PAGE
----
Brescia, Annalisa (2015) Identification of novel small molecule inhibitors of Aurora B kinase. [Tesi di dottorato]

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Item Type: Tesi di dottorato
Lingua: English
Title: Identification of novel small molecule inhibitors of Aurora B kinase
Creators:
CreatorsEmail
Brescia, Annalisaannalisa.brescia@gmail.com
Date: 31 March 2015
Number of Pages: 72
Institution: Università degli Studi di Napoli Federico II
Department: Medicina Molecolare e Biotecnologie Mediche
Scuola di dottorato: Medicina molecolare
Dottorato: Oncologia ed endocrinologia molecolare
Ciclo di dottorato: 27
Coordinatore del Corso di dottorato:
nomeemail
Santoro, Massimomasantor@unina.it
Tutor:
nomeemail
Carlomagno, FrancescaUNSPECIFIED
Date: 31 March 2015
Number of Pages: 72
Uncontrolled Keywords: Aurora B kinase inhibitors; mitosis; cancer
Settori scientifico-disciplinari del MIUR: Area 06 - Scienze mediche > MED/04 - Patologia generale
Area 06 - Scienze mediche > MED/06 - Oncologia medica
Date Deposited: 14 Apr 2015 08:07
Last Modified: 13 Oct 2015 07:47
URI: http://www.fedoa.unina.it/id/eprint/10409
DOI: 10.6092/UNINA/FEDOA/10409

Abstract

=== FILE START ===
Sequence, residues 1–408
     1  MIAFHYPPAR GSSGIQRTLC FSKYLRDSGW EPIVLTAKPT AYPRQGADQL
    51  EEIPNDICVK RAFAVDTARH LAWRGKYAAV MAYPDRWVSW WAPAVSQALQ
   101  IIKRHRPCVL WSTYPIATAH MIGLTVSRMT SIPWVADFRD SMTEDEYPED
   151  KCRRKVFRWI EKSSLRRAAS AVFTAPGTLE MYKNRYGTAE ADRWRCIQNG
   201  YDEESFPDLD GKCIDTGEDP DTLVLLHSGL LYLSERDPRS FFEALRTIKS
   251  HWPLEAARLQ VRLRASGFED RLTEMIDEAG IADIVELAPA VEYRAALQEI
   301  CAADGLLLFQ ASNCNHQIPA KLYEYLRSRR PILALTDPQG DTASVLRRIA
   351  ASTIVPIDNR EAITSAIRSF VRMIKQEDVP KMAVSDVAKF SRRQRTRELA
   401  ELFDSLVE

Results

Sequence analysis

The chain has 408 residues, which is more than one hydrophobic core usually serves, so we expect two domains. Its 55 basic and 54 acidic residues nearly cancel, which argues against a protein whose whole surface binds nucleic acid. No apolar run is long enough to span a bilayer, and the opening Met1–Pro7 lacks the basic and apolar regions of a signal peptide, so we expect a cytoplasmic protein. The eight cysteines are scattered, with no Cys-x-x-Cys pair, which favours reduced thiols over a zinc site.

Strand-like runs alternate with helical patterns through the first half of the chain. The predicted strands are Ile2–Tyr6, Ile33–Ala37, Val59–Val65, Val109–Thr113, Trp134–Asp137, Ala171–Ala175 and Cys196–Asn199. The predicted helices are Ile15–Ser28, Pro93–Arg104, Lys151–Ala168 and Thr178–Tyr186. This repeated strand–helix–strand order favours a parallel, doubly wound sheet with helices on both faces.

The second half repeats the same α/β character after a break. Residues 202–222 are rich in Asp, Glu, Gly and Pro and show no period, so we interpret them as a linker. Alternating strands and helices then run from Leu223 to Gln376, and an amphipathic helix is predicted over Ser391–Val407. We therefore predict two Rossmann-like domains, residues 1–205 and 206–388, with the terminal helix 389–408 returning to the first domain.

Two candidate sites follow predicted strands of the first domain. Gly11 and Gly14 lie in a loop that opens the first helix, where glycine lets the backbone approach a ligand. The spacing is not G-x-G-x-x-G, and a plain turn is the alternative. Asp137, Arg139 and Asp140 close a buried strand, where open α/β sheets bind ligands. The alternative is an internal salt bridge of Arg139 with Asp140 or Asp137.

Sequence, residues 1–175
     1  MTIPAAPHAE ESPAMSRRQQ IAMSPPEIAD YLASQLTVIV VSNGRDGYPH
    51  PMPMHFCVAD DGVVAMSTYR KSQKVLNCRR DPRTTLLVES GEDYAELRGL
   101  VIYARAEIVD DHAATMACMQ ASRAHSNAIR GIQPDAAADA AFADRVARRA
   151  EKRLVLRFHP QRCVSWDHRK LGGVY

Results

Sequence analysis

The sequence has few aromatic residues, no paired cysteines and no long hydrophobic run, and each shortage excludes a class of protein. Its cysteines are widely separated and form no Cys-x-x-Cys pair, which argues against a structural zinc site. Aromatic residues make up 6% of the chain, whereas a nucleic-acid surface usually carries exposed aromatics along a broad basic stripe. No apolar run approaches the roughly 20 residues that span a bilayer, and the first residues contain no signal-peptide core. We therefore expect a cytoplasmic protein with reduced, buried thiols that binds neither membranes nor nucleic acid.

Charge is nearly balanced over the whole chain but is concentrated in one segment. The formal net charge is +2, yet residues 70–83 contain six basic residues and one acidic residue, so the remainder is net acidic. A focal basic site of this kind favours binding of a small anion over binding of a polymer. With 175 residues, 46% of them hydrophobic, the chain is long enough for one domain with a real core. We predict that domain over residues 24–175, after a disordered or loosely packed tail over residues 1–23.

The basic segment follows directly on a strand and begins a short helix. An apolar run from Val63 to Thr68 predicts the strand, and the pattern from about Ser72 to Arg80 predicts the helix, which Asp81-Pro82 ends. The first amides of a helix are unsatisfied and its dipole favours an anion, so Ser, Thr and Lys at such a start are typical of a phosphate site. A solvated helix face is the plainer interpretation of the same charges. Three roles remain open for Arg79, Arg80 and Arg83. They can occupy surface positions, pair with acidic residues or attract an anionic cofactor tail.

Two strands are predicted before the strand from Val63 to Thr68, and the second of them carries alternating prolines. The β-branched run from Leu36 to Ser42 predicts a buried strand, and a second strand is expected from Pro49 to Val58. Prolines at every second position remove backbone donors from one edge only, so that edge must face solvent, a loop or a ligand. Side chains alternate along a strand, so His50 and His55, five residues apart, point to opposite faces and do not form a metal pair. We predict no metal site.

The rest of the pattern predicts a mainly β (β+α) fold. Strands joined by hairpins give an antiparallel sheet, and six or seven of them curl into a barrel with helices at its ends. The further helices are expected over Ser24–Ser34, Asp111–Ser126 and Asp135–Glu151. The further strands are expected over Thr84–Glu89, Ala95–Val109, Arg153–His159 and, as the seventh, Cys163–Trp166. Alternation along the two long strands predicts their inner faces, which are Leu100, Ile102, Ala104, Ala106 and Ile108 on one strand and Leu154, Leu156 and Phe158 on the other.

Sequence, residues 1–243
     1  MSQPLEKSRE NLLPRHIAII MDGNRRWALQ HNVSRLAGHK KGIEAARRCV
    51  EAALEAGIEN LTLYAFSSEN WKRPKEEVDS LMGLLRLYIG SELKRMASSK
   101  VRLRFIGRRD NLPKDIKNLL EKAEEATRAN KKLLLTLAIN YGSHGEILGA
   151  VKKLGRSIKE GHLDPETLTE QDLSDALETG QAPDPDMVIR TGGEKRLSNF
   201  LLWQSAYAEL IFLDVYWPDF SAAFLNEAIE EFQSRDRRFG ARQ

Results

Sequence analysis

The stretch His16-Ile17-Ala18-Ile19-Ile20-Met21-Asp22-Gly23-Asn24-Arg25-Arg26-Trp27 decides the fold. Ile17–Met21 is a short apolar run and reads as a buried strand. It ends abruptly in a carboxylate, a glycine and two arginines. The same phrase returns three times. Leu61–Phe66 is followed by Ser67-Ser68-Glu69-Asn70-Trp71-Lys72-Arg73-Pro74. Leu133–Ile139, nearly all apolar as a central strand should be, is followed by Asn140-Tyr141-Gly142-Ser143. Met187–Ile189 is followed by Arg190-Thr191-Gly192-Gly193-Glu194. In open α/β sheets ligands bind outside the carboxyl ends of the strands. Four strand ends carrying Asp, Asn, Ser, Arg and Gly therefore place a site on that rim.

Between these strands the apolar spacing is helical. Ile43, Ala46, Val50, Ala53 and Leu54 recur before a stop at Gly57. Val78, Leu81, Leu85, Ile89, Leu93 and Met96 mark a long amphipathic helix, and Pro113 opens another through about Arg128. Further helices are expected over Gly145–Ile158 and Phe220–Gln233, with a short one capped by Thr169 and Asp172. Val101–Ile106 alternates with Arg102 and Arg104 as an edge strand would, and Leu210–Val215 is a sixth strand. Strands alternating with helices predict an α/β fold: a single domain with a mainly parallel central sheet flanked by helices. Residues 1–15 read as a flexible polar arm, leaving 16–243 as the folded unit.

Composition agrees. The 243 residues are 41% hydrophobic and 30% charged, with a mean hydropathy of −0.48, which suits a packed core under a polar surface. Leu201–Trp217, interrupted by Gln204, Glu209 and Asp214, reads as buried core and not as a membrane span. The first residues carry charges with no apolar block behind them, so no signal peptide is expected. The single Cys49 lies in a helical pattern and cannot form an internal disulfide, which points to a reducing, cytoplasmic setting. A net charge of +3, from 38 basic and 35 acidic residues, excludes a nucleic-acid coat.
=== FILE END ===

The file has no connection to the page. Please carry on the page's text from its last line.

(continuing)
Aurora kinases (A, B and C) are frequently amplified and overexpressed in a wide variety of cancers, and their up-regulation often correlates with poor prognosis. The potential role of these kinases in tumorigenesis indicates that they could be appealing target for molecular therapy. Although extensive efforts have been done to develop Aurora kinases inhibitors (AKIs), selective for A, B or both kinases, so far, none of them have yet been approved by FDA due to their severe toxicity. The aim of this study has been to identify novel and powerful AKIs, Aurora B kinase inhibitors. In living cells, we tested the inhibition of Aurora B kinase by 7 potential novel AKIs, called MK1-7, which share a common molecular scaffold, by evaluating Serine 10 phosphorylation of Histone H3, a bona fide downstream target of the kinase in HeLa cells. We selected 4 compounds (MK1, 2, 6 and 7), that were able to reduce phosphorylation of Histone H3 at 10 nM dose. Then, we evaluated the effect of each inhibitor on: cell cycle progression, spindle assembly checkpoint (SAC) escape, cell proliferation and viability. Although with different efficacy, these 4 MKs perturb cell cycle progression inducing polyploidy. In addition, cells treated with the 4 MKs escape from mitosis overtaking the SAC checkpoint. These MKs blocked cell growth with an IC50 ranging from 0.37 to 2.27 nM (MK1 IC50=1,2 nM; MK2 IC50=2,27 nM; MK6 IC50=0,44 nM; MK7 IC50=0,37 nM). Based on MK7 most powerful efficacy, its effect on cell division and viability was more extensively investigated. HeLa cells treated with MK7 were positive for apoptotic Annexin V and propidium iodide staining and showed an increase in caspase 3 and PARP cleavages, indicating induction of apoptosis. Additionally, MK7 treatment caused alteration in mitotic spindle formation, chromosome segregation and cytokinesis. Finally, we observed that MK7 is able to inhibit growth of A2780 (human ovarian carcinoma), HL-60 (human promyelocytic leukemia), HCT116 (human colorectal carcinoma) and 8505-C (human undifferentiated thyroid carcinoma) cell lines. In conclusion, our in vitro data have identified in MK7 a powerful compound which could be widely used to inhibit Aurora B kinase in different cancer types.

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